Tuesday, June 10, 2008

Kristina Chew's False Autism Dichotomy

"But Kristina Chew also said she wouldn't change her severely autistic son Charlie if she could.

"We really try and understand him on his own terms," she said.

That is her advice for parents dealing with a child's autism diagnosis and feeling hopeless.

"Acceptance, to me, is the beginning of hope," Chew said. "I look at my son, even on the days, the most terrible, terrible days. I still knew that I love my son. That he was with us, and that he would be with us, and that the hope was really in him.""

ABC News

The above quote is from the ABC news feature on the "Autism" Rights Movement led, not by a person with Autistic Disorder, but by a person with Aspergers. This intelligent, articulate, media savvy individual presumes to speak on behalf of persons with Autistic Disorder, and persons with much more severe life challenges and say that they, like him, don't want a cure. New York Magazine and now ABC News has jumped on this misleading rights movement. And of course, there too is Neurodiversity mom Kristina Chew with her usual false autism dichotomy as set out above. Acceptance - as Ms Chew articulates it - is surrender.

If you truly love your autistic child you will stop trying to cure him or her and surrender. And, oh, don't worry about that self injury thingy, that head banging, hand biting, self starvation, running in traffic or just wandering away stuff. That is all part of acceptance. You either accept and celebrate your child's autism or you do not truly love him or her. That is the false dichotomy promoted by Ms Chew.

Here is news for Ms. Chew. Parents seeking to treat and cure their autistic children do love them. That is why THEY seek treatment and cure for their children. Even if you do not.


Maddy said...

I wouldn't attempt to speak for Ms. Chew but maybe it's more a question of addressing the self injurious behaviours that we see in our children in a manner that helps curb those tendencies which is really therapy rather than a cure isn't it?
Best wishes

SUZANNE said...

What about things like helping a child develop independence, the ability to fulfill accomplishments, etc? What kind of parent doesn't try to improve his child? What kind of parent just blinds himself to his handicaps (physical, social and otherwise) and doesn't try to either try to eliminate them or help him work around them?

Besides, I am certain my daughter would love to be as fluent as her classmates. She tries so hard.

Anonymous said...

We can still hope that some day a cure may be developed or identified (or maybe that we understand the causes better so we can take preventative and corrective actions), but until then, we need to help our autistic children to learn, adapt, and develop strategies they can use to assist them in living in our societies and have a reasonable quality of life. Blind acceptance of "the way things are" does little to move our societies forward toward better understanding and ways to deal with serious issues. It only results in keeping the status quo. Is the status quo good enough? I think not. Our children deserve better.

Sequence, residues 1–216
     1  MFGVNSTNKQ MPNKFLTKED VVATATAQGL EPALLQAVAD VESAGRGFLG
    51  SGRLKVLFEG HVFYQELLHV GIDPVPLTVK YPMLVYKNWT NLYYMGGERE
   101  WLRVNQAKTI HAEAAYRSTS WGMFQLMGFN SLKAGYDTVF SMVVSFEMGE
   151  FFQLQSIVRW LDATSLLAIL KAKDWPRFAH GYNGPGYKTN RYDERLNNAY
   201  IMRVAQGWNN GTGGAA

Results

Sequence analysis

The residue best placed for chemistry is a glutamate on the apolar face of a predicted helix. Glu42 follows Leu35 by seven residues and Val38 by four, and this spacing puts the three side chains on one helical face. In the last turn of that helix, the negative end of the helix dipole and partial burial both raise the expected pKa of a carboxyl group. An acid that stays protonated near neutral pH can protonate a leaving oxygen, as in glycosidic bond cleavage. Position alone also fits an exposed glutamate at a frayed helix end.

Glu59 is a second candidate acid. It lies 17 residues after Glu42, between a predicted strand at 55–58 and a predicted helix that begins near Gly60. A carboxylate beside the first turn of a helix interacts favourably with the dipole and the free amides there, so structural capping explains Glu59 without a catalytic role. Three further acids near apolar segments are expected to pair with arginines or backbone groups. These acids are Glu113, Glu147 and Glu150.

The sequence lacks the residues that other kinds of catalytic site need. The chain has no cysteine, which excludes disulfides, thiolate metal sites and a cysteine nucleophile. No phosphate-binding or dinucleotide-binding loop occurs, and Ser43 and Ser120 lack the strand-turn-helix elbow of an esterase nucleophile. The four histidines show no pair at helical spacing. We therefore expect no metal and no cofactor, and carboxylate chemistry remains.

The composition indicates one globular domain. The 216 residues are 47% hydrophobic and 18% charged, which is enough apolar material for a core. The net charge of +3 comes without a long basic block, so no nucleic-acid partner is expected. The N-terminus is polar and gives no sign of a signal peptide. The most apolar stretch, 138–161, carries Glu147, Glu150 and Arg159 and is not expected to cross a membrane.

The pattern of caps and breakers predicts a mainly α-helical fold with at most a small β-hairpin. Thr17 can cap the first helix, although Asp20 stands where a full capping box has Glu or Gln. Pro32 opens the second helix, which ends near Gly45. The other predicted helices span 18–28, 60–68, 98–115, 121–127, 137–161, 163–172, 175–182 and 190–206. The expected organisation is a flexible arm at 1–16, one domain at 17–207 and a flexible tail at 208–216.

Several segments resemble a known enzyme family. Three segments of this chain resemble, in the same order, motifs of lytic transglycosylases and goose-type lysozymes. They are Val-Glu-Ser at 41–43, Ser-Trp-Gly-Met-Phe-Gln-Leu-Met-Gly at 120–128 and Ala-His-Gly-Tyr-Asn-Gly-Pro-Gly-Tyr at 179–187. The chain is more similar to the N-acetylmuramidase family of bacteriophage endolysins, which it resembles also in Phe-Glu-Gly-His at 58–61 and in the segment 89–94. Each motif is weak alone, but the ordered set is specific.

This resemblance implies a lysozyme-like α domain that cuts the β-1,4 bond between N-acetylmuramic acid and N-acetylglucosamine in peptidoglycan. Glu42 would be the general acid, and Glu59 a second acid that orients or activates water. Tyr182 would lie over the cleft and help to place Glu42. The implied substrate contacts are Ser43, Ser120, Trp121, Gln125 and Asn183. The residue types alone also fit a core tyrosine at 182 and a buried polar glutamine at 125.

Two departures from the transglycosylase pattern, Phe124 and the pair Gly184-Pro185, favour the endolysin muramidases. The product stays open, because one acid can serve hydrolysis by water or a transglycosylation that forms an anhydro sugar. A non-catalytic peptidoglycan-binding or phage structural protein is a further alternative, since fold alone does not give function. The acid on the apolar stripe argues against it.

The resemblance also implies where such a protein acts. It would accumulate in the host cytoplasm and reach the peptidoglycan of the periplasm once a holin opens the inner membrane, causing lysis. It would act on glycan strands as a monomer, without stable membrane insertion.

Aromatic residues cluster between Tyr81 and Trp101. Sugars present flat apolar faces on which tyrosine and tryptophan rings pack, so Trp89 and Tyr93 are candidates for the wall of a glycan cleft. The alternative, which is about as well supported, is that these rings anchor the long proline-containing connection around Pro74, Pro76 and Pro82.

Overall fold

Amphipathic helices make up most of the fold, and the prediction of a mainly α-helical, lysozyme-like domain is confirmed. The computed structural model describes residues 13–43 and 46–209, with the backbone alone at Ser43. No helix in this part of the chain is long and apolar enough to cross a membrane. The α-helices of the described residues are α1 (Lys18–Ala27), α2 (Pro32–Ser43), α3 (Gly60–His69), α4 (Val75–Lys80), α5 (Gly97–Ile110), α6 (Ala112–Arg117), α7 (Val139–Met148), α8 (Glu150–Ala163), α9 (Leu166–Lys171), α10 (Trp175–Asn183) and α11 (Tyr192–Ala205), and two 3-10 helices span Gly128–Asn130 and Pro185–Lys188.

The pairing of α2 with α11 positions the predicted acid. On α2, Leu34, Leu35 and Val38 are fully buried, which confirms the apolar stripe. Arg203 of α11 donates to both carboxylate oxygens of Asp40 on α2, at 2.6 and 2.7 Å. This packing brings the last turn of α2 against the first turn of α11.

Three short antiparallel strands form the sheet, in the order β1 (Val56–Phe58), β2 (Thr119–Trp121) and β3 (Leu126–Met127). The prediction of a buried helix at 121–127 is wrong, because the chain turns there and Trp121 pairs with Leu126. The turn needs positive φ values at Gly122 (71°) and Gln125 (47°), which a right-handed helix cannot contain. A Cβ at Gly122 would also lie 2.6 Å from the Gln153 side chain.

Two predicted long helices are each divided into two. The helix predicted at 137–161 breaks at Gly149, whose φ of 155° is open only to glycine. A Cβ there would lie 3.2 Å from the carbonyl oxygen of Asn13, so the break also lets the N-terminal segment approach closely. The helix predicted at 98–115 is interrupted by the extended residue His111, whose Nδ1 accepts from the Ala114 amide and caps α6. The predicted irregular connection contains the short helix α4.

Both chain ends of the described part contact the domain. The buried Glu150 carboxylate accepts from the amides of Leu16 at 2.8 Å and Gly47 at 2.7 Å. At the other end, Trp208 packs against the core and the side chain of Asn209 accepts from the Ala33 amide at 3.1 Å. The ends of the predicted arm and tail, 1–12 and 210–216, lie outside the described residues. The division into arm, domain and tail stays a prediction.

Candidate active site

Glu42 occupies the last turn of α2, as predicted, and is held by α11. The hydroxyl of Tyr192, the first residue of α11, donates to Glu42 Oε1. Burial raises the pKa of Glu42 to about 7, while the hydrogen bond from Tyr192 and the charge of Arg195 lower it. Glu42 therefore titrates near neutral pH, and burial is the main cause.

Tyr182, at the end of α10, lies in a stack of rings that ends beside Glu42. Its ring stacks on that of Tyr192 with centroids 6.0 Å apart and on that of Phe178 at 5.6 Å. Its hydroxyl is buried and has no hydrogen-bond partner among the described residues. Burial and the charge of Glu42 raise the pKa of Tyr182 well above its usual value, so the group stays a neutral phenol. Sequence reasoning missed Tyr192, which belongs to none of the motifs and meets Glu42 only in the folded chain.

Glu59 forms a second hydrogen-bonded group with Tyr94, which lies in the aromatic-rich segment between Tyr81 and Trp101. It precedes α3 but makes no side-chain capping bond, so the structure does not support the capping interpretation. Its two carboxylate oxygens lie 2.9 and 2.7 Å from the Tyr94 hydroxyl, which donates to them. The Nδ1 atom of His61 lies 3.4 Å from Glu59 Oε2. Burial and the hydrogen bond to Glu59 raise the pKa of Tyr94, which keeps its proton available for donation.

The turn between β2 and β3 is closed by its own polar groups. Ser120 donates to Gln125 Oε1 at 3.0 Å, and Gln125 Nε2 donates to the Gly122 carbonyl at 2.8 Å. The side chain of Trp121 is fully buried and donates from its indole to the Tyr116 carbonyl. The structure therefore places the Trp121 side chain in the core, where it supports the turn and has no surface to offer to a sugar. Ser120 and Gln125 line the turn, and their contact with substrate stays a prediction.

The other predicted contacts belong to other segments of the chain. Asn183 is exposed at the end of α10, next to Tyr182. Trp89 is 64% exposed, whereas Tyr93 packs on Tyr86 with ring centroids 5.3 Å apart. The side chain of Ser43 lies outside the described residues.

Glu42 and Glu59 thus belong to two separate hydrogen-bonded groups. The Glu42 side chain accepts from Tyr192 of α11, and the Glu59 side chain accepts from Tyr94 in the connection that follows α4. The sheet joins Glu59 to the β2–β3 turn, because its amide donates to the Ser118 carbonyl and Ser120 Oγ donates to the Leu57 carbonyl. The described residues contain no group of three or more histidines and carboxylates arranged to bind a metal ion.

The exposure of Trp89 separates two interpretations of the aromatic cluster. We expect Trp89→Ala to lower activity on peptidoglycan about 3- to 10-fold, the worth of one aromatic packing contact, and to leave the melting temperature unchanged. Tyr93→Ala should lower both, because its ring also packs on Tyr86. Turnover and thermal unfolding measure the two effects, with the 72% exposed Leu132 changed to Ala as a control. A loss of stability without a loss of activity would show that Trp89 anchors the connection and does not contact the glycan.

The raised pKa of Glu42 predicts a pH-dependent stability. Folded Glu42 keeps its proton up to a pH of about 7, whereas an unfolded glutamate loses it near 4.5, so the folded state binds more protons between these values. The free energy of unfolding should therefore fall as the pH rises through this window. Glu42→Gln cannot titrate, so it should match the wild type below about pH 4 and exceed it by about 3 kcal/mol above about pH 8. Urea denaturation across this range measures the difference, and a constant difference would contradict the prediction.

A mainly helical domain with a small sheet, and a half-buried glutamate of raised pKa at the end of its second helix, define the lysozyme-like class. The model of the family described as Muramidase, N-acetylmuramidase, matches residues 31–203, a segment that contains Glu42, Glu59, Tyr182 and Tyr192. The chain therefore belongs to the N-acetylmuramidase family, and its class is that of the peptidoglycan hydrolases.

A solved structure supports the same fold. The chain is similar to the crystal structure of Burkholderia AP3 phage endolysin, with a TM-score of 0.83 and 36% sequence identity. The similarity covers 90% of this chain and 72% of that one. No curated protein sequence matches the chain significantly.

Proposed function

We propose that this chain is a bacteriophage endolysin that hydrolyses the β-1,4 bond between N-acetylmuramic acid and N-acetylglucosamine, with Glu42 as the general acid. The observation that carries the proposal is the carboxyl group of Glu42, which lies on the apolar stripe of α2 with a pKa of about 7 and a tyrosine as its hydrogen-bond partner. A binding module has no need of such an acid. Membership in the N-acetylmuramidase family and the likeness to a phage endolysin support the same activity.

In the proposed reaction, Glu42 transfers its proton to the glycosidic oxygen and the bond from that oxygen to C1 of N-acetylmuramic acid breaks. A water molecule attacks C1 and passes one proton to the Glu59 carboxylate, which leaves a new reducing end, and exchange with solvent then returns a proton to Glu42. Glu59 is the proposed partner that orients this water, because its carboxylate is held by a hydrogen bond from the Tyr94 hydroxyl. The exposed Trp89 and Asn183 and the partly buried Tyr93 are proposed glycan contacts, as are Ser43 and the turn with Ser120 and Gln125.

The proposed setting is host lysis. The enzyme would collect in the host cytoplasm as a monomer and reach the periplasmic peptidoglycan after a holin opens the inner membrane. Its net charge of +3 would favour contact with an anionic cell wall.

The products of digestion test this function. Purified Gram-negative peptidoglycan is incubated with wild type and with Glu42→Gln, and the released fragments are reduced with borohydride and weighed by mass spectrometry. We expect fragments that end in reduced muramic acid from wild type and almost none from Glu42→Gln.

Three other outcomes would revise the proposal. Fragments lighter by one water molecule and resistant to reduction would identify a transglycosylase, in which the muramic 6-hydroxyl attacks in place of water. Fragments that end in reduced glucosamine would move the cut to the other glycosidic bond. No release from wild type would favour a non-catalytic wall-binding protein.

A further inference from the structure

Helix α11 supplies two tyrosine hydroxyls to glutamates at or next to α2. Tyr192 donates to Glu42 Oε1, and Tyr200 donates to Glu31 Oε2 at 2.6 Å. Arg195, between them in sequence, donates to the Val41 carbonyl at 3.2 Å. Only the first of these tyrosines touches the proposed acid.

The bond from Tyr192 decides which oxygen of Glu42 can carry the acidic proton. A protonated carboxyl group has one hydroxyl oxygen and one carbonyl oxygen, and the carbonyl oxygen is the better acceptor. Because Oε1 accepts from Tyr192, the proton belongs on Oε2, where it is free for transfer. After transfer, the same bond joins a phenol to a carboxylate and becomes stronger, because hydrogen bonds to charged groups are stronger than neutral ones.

Anonymous said...

I've never felt that Ms. Chew has advocated not treating children with autism- in fact, she has repeated several times on her blog that she has found that ABA therapy has been very successful in helping her son learn. Rather, I feel that she's arguing against the dietary interventions, the chelation therapies, the "supplements" and everything else that we're told will cure our children. We've put our child into an ABA program, and have seen progress, but he's not and nor will he ever be "cured".

Autism Reality NB said...

I disagree. I too have obtained ABA services for my son and advocated for ABA help at both the preschool and school years. Nor do I support non-evidence based treatments or believe that there is at present a cure for autism. The difference with Ms Chew though is that she argues against the possibility of a cure and criticizes parents who seek cure or advocate for a cure. I have read several of her comments where she distinguishes between education and cure. She is solidly in the anti-cure camp.

I do not believe that there is a cure for autism today but I do not at all believe that it is possible, particularly given the incredible research being done today, to say that there will not be a cure at some point in time. If there is a cure or a treatment which improves the lives of people with autism then I would want that for my son. As would most parents with autistic children. I think it is unfortunate that Ms Chew advocates with the anti-cure movement and appears with them in many anti-cure campaigns and efforts.

Anonymous said...

I don't have a child with autism but I used to teach at a school for autistic children. The parents of those kids were going through hell. They were literally living in a nightmare world because of autism. Teenagers who weren't toilet-trained, who bit and kicked their aging parents, who tore off their clothes and ran naked into traffic, who stayed up all night laughing and yelling, who head-banged and screamed, all these things and more were part of those parents' lives. Every one of them would have given everything they owned for their children to be cured.
It's nice that Ms. Chew's son likes to swim and can ride a bicycle, but his life is very pitifully limited compared to the lives of other boys his age. He has no friends, he has no hopes for an independent future, he has no way of explaining what's wrong when he's ill. I find it difficult to believe that if Ms. Chew were offered a "magic pill" that would remove her son's autism that she wouldn't grab it and administer it it him just as fast as she possibly could.
There's a difference between loving one's child, imperfections and all, and wanting that child to be relieved of a handicap that prevents him from participating fully in all life has to offer.